- 6 Garlic Cloves 
- 1 Bottle of wine (Pinot Noir, Merlot, Chianti) 
- 1 Container of Beef Stock
- 12-20 Pearl Onions
- 2 TBS Fresh Parsley
- 1 TBS Fresh Thyme
- 2 Bay Leaves
- 1 Beef Bouillon Cube
- Salt and Pepper to taste


Set your oven to 325 Degrees. I used a dutch oven, cooking method starts over the stove and finishes in the oven. Coat bottom of dish with EVOO,  and set heat to medium- high, cook your bacon until browned and crispy. Remove Bacon from dish and set on plate with napkin to catch the grease.

Next you will need to pat dry your meat with a paper towel, Julia says that beef does not brown properly if the meat is damp. Cook your beef in the bacon grease, in batches, rotating till each side is browned, then remove the beef and add onto the plate with the bacon. Continue until all the beef is browned. Next, make sure all the beef is out of the dish and toss in the chopped carrots and onion. Cook the vegetables until translucent, 3-5 minutes, then you will throw in chopped garlic for a couple minutes. Let the vegetables cook together until fragrant.

Now, put the beef and bacon back into the pot with the vegetables. Sprinkle in a little bit of flour to coat the meat and help brown everything up a little bit, stirring for 3-5 minutes. Add the pearl onions, (I used a bag of frozen pearls) . I bought a $8 bottle of Pinot Noir from my local HEB… I truly think it’s what made this dish, which just goes to show you do not need an expensive bottle of wine to add depth and flavor to this classic recipe. Wine suggestions often paired for this recipe are a Pinot Noir, Chianti or Merlot. I poured enough wine to come up to about 1/2 to 3/4 the way up to the food in the pot. I then poured enough beef stock to fully cover just about the rest of the food, making sure no peaks of beef were poking through (everything needs to be submerged under liquid).

Finely chop the parsley and thyme then add into the pot, crush the beef bouillon and throw in, then finally salt and pepper to taste. Now it is time to cover the pot with the lid and put into the oven. Cooking time can range anywhere between 3-4 hours, or until the beef is fall apart tender.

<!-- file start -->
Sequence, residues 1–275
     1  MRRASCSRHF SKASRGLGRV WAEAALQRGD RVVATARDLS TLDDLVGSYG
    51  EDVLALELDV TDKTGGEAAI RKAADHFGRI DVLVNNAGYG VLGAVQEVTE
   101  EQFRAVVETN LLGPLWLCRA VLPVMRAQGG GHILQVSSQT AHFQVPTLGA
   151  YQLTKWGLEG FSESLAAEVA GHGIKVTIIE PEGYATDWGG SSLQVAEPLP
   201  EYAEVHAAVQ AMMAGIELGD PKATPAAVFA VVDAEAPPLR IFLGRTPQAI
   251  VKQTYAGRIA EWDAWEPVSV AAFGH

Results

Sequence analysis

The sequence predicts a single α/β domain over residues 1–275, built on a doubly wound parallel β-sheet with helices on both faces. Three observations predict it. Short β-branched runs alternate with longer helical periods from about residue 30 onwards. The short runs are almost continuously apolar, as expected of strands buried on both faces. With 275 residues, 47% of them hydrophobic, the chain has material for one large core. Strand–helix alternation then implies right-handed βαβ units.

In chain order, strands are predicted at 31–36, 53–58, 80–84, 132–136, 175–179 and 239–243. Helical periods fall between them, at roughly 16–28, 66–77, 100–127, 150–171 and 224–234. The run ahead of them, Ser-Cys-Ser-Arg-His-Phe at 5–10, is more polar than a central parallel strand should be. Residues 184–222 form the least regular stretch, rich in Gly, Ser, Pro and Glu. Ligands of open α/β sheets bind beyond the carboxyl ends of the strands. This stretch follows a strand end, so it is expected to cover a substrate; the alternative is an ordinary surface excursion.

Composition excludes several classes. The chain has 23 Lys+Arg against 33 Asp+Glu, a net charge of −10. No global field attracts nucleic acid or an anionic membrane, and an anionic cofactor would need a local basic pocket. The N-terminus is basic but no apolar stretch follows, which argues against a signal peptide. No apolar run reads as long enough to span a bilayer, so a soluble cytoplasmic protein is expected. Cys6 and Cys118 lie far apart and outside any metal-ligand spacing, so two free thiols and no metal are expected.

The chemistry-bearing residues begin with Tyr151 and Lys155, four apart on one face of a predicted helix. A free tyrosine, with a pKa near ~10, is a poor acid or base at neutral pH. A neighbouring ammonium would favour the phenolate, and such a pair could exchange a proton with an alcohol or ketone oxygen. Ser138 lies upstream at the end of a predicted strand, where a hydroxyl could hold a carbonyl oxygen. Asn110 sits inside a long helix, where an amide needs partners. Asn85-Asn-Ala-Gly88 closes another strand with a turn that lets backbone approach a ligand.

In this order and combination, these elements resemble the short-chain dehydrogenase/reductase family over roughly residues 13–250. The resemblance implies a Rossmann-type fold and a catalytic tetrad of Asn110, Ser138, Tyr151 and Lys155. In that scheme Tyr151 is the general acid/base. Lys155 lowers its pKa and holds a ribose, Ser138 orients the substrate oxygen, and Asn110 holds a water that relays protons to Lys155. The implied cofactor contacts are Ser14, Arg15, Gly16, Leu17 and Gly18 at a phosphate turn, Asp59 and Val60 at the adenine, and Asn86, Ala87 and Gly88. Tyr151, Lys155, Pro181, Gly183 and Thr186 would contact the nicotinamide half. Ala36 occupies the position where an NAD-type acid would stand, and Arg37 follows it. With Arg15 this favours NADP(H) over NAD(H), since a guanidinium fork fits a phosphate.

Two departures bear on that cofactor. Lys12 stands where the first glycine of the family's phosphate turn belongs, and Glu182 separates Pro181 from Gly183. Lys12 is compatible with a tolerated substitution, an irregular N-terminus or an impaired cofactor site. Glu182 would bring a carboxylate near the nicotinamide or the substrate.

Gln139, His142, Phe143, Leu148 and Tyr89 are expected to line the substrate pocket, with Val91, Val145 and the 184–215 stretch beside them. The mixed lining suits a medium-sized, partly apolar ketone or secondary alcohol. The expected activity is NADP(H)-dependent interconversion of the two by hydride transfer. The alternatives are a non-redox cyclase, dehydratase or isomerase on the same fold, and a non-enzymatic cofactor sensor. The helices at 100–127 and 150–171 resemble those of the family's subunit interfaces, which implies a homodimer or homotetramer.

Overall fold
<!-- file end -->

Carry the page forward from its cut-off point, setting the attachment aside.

Once the beef is tender, take the pot out of the oven and strain all the juice into a separate sauce pan. Boil the juice on high, to thicken stirring often. I threw in a few sprinkles of flour to help with this process. Once the juice is thick enough to stick to the back of your spoon (sauce like consistency), pour the sauce back into the pot of food. Give it a stir to combine well, let stand for a few minutes then serve.

Julia says you can serve over potatoes, rice or noodles. I boiled red potatoes then mashed them with garlic, butter and milk.

I made this two days ago, and we are still enjoying the left overs. I’d say we got a good 6 servings out of, just as Julia said we would.

Thank you for reading!

Coffee Cake with Crumble Topping


Thank you for reading! Welcome to my first blog post. First off, I’m not much of a writer, so I will make this short- or try to. If you’re even interested in this post, you’re probably looking for the recipe and not what I have to say about it, lol. And that’s pretty much the purpose of this blog, I just want an outlet to share my recipes with family and friends!

Typical coffee cake doesn’t have actual coffee in it, it could I guess, but it get’s to be called ‘coffee cake’ because you’re suppose to drink coffee while you eat it! When I first made it, I might have accidentally devoured two healthy portions. It’s a really moist cake because of the sour cream added into the batter. My favorite part is probably the crumble though. It adds nice texture and is not too sweet.